A DARK MATTER, by Peter Straub. I was enthralled by Straub's early horror novel GHOST STORY but haven't read much of his recent work except a few short stories. Judging from the reviews, a lot of the books aren't supernatural, so I wasn't interested, though I did read a somewhat Lovecraftian novel I really liked. (Sorry, the title escapes me at the moment.) A DARK MATTER has a Lovecraftian undercurrent, in that it lifts the veil between the material universe and vaster dimensions to reveal what seems to be the horror and emptiness of ultimate reality. The narrator, Lee Harwell, an author, has a chance encounter that awakens memories of a traumatic event that happened in his late teens. In the turbulent 1960s his tightly knit group of high school friends, along with a glamorous young woman and a pair of thuggish frat boys from the nearby college, became seduced by a self-proclaimed guru named Spencer Mallon. Lee alone refused to meet their new hero. Mallon arranged a ceremony in a meadow, during which the group was supposed to achieve transcendence, if only for a moment. Everything went horribly wrong. One of the college boys vanished altogether, the other was torn apart, and one of Lee's friends had to be committed to an institution, where to this day he speaks only in quotations from books (notably Hawthorne's THE SCARLET LETTER). Lee's wife, also named Lee and nicknamed the Eel (it took me a while to stop being distracted by the silly nicknames all the friends have) was present but has never talked about the event. Now Lee Harwell decides to dig up the truth and interviews each of the surviving participants. Everybody remembers something different. Straub's gift for conveying the utterly, deeply unsettling "other" in fresh imagery is breathtaking. Nothing much "happens" in the present except for the characters' personal growthrevelation, reconciliation, and a measure of peace for Lee and his wife. So if you expect a conventional horror novel with a dramatic resolution, you might find this book dissatisfying. Taken on its own terms, it's a fascinating achievement, and as you'd expect from Straub, the characters are strong and the writing elegant.
Excerpt from ROGUE MAGESS:
"This is the Venerable Styrekii-zish. My savior and friend. The leader of the Styreka."
Aetria could not respond, her throat so constricted in fear she could barely pull in a breath. The dragon was the same shade of gray as Grisylck had been, twice the size but hide and bones compared to her gross fatness. As Aetria struggled to breathe she expected to inhale the carrion stench of the Crone but smelled only the scent of leather and metal, like that of her own long-stored armor. The Venerable moved its tail slowly from behind and encircled Aetria with the lance-tipped end, nudging her closer.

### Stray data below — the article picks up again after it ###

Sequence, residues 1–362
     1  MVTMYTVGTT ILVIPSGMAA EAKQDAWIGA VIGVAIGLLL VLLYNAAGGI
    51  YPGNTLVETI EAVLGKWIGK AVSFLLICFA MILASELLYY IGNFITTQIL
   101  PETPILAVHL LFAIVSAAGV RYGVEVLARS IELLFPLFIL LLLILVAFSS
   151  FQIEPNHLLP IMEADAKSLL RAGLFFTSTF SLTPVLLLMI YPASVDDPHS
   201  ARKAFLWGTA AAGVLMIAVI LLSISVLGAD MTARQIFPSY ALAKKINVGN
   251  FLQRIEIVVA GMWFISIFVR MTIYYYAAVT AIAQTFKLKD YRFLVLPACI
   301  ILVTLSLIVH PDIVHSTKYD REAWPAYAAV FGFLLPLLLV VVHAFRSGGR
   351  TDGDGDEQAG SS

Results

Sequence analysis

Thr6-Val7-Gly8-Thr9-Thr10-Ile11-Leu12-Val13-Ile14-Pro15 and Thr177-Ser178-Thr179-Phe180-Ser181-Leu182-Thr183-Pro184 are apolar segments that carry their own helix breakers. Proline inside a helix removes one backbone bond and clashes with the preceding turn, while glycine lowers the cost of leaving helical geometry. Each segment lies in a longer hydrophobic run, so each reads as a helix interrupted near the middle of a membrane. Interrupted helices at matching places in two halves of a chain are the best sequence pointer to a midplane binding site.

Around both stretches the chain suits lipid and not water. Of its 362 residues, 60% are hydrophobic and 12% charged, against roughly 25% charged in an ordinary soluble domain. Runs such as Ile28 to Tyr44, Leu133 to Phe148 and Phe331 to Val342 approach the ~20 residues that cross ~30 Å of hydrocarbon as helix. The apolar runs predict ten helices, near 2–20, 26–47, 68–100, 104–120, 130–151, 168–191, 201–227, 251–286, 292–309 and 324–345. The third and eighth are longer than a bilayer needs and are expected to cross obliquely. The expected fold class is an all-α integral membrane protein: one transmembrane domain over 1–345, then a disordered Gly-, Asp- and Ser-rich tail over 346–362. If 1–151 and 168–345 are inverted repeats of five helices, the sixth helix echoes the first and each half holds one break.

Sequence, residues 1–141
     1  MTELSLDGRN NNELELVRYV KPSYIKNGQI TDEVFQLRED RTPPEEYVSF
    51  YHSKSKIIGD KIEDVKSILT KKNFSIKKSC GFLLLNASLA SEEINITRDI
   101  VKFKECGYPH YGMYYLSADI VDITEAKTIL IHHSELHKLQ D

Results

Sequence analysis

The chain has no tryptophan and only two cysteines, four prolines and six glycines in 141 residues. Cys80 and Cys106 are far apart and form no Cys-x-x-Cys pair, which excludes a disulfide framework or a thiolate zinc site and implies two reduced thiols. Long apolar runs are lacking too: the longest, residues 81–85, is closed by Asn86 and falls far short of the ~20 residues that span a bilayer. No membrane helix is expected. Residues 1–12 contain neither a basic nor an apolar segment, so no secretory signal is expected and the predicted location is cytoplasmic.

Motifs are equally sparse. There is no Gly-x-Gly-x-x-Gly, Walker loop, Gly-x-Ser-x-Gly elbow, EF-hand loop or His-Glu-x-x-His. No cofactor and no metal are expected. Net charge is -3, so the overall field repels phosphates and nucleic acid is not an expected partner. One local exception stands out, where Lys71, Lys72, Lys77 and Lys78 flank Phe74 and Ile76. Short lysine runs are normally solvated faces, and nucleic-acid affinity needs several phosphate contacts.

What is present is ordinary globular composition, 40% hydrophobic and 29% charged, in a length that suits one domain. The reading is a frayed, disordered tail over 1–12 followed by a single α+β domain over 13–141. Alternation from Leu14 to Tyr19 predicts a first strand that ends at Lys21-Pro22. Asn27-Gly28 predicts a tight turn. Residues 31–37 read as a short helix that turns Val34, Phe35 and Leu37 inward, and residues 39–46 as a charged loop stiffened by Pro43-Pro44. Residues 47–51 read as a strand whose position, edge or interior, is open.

::Your fear is understandable, Tierii Aetria Menhala v'Grelnes.::
The clarity of that thought in her mind startled a response from her that she did not expect to give. "Don't use that name, dragon. Someone might hear."
The Venerable shifted its gaze from sister to brother and said or, perhaps thought, ::It is good to be cautious, Tierii Aetria, but no one can sense our thoughts. We are protected by a silence spell, as you name it.::
"How can you read my thoughts so easily? There is no path between us."
::A path? Oh, yes, the connection you associate with our thought communications. The one Sister Grisylck forced on you and others. That was wrong for her to do.::
"You have not answered my question, Venerable One."
::There is a path, Little One. I made it when I created you.::
"You are the one who changed us all."
The dragon slowly nodded.
::It is what I do.::
"That is not the answer I seek."
::It is, but you do not know that now. You have not asked that question yet.::
Aetria tried to relax but found it hard to do. In her dream world with Rajii she felt completely at ease with her friend. Although the Venerable was larger than her protector, it was not making any threatening moves that should keep her in such an extreme defense posture. Perhaps the dragon's reality was enough in her mind to override the resemblance of this scene to the dreams. "You talk in the same riddle form as Rajii, never answering to the point."
The Venerable smiled, or least made the same facial gesture as Rajii used. To anyone who did not know Styreka it would have been a fierce snarl with dagger-length teeth very prominently displayed.
::Your minds are still simple, Tierii, as is your form of communication. You are capable of reasoning the reality of your situation as a whole but can only think of it in a sequence of thoughts driven by your senses. You will gather the facts with singular questions with simple answers until you see you have enough information to know the reality.::
Groaning, Aetria moved away from the bone spike lying by her feet and paced along the length of the huge dragon's tail, keeping her eyes fixed on the large orbs of the Styreka. "I don't understand, Venerable."
-end of excerpt-
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"Beast" wishes until next time
Margaret L. Carter